On December 22, 1982 the Missouri Pacific was purchased by the Union Pacific Corporation and they combined the Missouri Pacific, the Western Pacific Railroad and of course their Union Pacific Railroad into one large railroad system and labeled it "Pacific Rail Systems," under the Union Pacific Corporation, but all three railroads maintained their own corporate and commercial identity. On December 1, 1989, the Missouri Kansas Texas and the Galveston, Houston & Henderson were merged into the Missouri Pacific after acquisition by the Union Pacific Corporation in 1988.
By 1994 all motive power of the Missouri Pacific was repainted and on January 1, 1997, the Missouri Pacific was officially merged into the Union Pacific Railroad by the Union Pacific Corporation. UP continued to use the MoPac headquarters building at 210 N. 13th St. in downtown St. Louis for its customer service center until February 15, 2005. The former MoPac building has undergone rehab as apartments and is now known as Park Pacific.
|MP||Missouri-Illinois||C&EI||Doniphan Kensett & Searcy||New Orleans & Lower Coast||Asherton & Gulf||San Antonio Southern||Sugar Land Ry|
|1933||7457||44||1066||0.1||1.4||(with MP)||(with MP)||(with MP)|
In this table "MP" includes New Orleans Texas & Mexico and all its subsidiary railroads (Beaumont Sour Lake & Western, I-GN, StLB&M, etc.) that officially merged into MP in 1956. Ton-miles for C&EI in 1970 presumably don't include the L&N portion.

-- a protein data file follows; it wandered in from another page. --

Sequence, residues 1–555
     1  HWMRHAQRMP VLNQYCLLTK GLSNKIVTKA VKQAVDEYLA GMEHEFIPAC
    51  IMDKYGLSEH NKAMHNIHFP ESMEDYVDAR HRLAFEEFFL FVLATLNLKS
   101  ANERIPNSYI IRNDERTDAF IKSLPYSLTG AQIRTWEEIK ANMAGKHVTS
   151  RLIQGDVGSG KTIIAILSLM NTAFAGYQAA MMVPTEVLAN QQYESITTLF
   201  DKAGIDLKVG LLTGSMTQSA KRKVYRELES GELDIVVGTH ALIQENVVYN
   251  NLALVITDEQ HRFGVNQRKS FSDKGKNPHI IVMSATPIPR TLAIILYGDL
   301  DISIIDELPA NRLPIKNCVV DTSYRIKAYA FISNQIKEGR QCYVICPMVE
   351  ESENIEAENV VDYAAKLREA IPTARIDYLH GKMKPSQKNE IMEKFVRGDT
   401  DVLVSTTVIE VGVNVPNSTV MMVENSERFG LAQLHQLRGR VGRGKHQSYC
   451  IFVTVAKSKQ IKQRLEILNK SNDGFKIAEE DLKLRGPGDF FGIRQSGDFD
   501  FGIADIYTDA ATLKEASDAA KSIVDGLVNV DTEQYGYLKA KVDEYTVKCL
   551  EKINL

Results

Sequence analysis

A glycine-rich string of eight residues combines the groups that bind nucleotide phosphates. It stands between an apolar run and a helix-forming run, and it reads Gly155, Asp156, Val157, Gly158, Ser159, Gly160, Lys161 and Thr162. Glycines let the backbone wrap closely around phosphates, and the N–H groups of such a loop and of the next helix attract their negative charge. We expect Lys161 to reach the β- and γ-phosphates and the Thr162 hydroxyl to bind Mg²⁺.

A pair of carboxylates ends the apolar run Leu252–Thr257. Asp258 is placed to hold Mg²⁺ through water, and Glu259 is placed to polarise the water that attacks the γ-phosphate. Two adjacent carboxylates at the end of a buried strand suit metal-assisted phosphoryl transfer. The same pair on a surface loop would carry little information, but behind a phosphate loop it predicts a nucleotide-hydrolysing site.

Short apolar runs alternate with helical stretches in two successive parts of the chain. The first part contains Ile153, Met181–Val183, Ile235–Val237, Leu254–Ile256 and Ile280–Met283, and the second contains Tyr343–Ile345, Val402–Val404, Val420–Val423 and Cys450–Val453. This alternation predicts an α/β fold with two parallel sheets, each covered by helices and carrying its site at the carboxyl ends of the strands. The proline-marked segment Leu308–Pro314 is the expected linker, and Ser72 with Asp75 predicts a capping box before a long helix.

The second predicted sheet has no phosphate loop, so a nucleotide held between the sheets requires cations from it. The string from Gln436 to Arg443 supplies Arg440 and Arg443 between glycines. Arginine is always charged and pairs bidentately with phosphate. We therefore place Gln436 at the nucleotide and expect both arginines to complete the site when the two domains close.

By that same definition MP operated 10431 route-miles at the end of 1929, after A&G, SAS and Sugar Land had come under NOT&M; NO&LC operated 60 and DK&S (not subsidiary until 1931) operated 6. At the end of 1960 MP operated 9362 route-miles, NO&LC and DK&S were the same, and M-I operated 172 miles.
|T&P||KO&G/KO&G of TX||Midland Valley||Cisco & Northeastern||Pecos Valley Southern||Texas Short Line|
|1933||1498||163||84||(with T&P)||(with T&P)||(with T&P)|
|1970||5854||150 (merged Apr 1970)||(merged 1967)|
"T&P" includes its subsidiary roads (A&S, D&PS, T-NM etc.); operated route-miles totalled 2259 at the end of 1929 (after C&NE, PVS and TSL had become subsidiaries) and 2033 at the end of 1960.
In the early years of the 20th century, most Missouri Pacific and St. Louis, Iron Mountain and Southern passenger trains were designated by number only, with little emphasis on premier name trains. This changed in May, 1915, with the inauguration of the Scenic Limited between St. Louis, Kansas City, and Pueblo, Colorado. Between Pueblo and Salt Lake City, the Scenic Limited operated through the Royal Gorge over the tracks of the Denver and Rio Grande Railroad. From Salt Lake City to San Francisco, the Scenic Limited operated over the Western Pacific Railroad. A second premier train, the Sunshine Special began operating on December 5, 1915, between St. Louis, Little Rock, Austin and San Antonio. Another named train, the Rainbow Special was placed in service in July 1921 between Kansas City and Little Rock. The Sunshine Special soon eclipsed the other trains in travel volume, becoming the signature train of the Missouri Pacific Railroad. An advertising slogan in 1933 proclaimed: "It's 70-degrees in the Sunshine when it's 100-degrees in the shade," referring to the fact that the Sunshine Special was one of the first air-conditioned trains in the southwest. When new streamlined trains were delivered, the Scenic Limited and Rainbow Special names faded, but the Sunshine Special had sufficient name recognition to co-exist along with the new streamliners into the late 1950s.
In the streamliner era, the Missouri Pacific's premier passenger trains were collectively known as the Eagles. A variety of Eagle trains were operated, with the first such train inaugurated in 1940. Eagle routes included the Missouri River Eagle (St. Louis to Kansas City and Omaha), the Delta Eagle (Memphis, Tennessee to Tallulah, Louisiana), the Colorado Eagle (St. Louis to Pueblo and Denver), the Texas Eagle (St. Louis to Texas), and the Valley Eagle (Houston to Corpus Christi and Brownsville, Texas).